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Vital Role

Maj. Jim Webber’s career in military service reached impressive heights

Two soldiers posing in front of missile

(Maj. Jim Webber, ba ’72, (right) and Capt. Rich Sanders, pose next to a Minuteman III missile as they were special guests at Armed Forces Day at Hill Air Force Base in 1975. Photo submitted)

From The Ichabod - Fall 2023
By Annie Flachsbarth

On the heels of the space race, Maj. Jim Webber's story seems plucked from a Cold War novel. It is a tale of humble beginnings, coupled with grit, determination and a dedication propelling him to unimaginable heights.

Webber, ba ’72, graduated from Leavenworth High School in Leavenworth, Kansas, in 1968. His grandparents lived in Topeka and offered him free room and board to attend Washburn University – an offer too good for Webber to pass up. As luck would have it, another life-changing offer was just around the corner. One afternoon at a career fair, he joined the Air Force ROTC after being swayed by a scholarship and a $100 per month stipend for his remaining two years of college. This decision set the stage for the rest of his career.

In May 1972, he graduated with a degree in biology and was commissioned a second lieutenant in the Air Force. He and his wife, Suzy, moved to Vandenberg Air Force Base in California for his first assignment as a Minuteman I missile launch officer. For the next four years, at the height of the Cold War, he served this role with Strategic Air Command with 200 missiles in Nebraska, Colorado and Wyoming under his charge. Webber served a staggering 201 times on alert, 60-feet underground, ready to launch nuclear missiles if the order came through.

“The Soviet Union had 1,600 missiles aimed at us, and we had 1,054 aimed at them. With enough power in my wrist to turn the key and decimate millions of people in less than 30 minutes, it was a different kind of important,” Webber said. “Many think those nuclear weapons were all bad. But the deterrent part is what kept us from using them for nuclear war, and I played a part in that.”

Soon after, he was selected as one of the first missile combat crew members to transition to the Minuteman III system, the newest nuclear missile system in the world at the time and a huge step forward in operating and targeting capabilities.

Jim Webber wearing military veteran clothing, posed in front of military museum

After his four years of missile duty, Webber transitioned into a little known and evolving career in space systems operations. He left a permanent mark on the American military landscape by contributing to the development of PAVE PAWS, a strategic radar early warning system that greatly improved the effectiveness of the U.S. defense system. The $130 million system was designed to provide warning in the event of a sneak attack by submarines. His test team of six Air Force members thoroughly evaluated the system – much like test pilots would check out a new aircraft – and then provided “go” or “no-go” recommendations to NORAD and Pentagon leadership.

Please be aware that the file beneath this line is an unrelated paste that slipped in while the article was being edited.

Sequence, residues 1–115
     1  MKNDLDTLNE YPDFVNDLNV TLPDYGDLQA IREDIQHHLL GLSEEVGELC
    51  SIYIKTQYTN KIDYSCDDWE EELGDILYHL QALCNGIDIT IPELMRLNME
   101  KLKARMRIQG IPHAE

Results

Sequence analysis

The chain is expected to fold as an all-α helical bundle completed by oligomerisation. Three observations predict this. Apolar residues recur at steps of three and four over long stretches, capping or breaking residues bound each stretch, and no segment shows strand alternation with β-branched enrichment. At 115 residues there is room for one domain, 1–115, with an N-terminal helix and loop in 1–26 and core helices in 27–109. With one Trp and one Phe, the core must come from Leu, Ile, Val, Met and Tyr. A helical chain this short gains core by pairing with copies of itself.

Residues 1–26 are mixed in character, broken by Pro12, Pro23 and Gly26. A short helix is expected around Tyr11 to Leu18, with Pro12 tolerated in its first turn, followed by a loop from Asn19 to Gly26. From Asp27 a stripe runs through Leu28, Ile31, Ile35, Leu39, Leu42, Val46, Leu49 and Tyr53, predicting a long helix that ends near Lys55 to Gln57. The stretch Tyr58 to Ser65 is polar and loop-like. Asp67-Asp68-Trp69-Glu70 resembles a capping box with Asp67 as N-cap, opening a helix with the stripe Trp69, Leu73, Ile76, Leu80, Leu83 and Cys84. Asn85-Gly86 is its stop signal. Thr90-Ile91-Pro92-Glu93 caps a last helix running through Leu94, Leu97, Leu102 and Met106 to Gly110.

After the radar site was declared operational, he became the first training officer for the new unit. In this critical position, he developed the first training program for the system, the fundamentals of which are still in use today.

“Had I accepted the old adage that ‘you can’t teach an old dog new tricks,’ I would still be digging ditches like I had to do to pay my way through college,” Webber said. “That’s something I learned from Washburn – to be adaptive and to put your ego in your back pocket and be open to learning new things.”

Webber's career wasn't limited to missile and radar systems. He was appointed the first ground-based sensor training officer at the 1st Space Wing headquarters at Peterson Air Force Base in Colorado. This wing transitioned space operations and missile defense to the newly established Air Force Space Command. Webber was promoted to major and was the first Air Force Space Command liaison officer at RAF Flyingdales in Great Britain.

Webber worked with sophisticated systems and developed an understanding of mission, purpose, team effort and leadership.

“Reflecting back on my time serving my country, it dawned on me – I would never be responsible for anything that important ever again,” Webber said. “Nothing after that could ever match it.”

Upon retiring from the Air Force, he worked as a civilian employee for the Army and shared his experience as an adjunct professor of technology and science at three universities.

“All of these things happened for a reason, and I owe a lot of that to Washburn,” Webber said. “I graduated there, met my wife in Topeka, I joined ROTC, and I ended up seeing the world and having a wonderful career. I was an 18-year-old, know-nothing Kansas country boy who ended up doing something much more important than myself.”

Jim Webber and his wife celebrate their anniversary with a piece of cake

(Maj. Jim Webber (right) and Suzy Webber celebrate their 50th anniversary in 2022. Photo submitted)

Winter 2024 The Ichabod magazine cover with picture of the bell tower and snow fallen on campus

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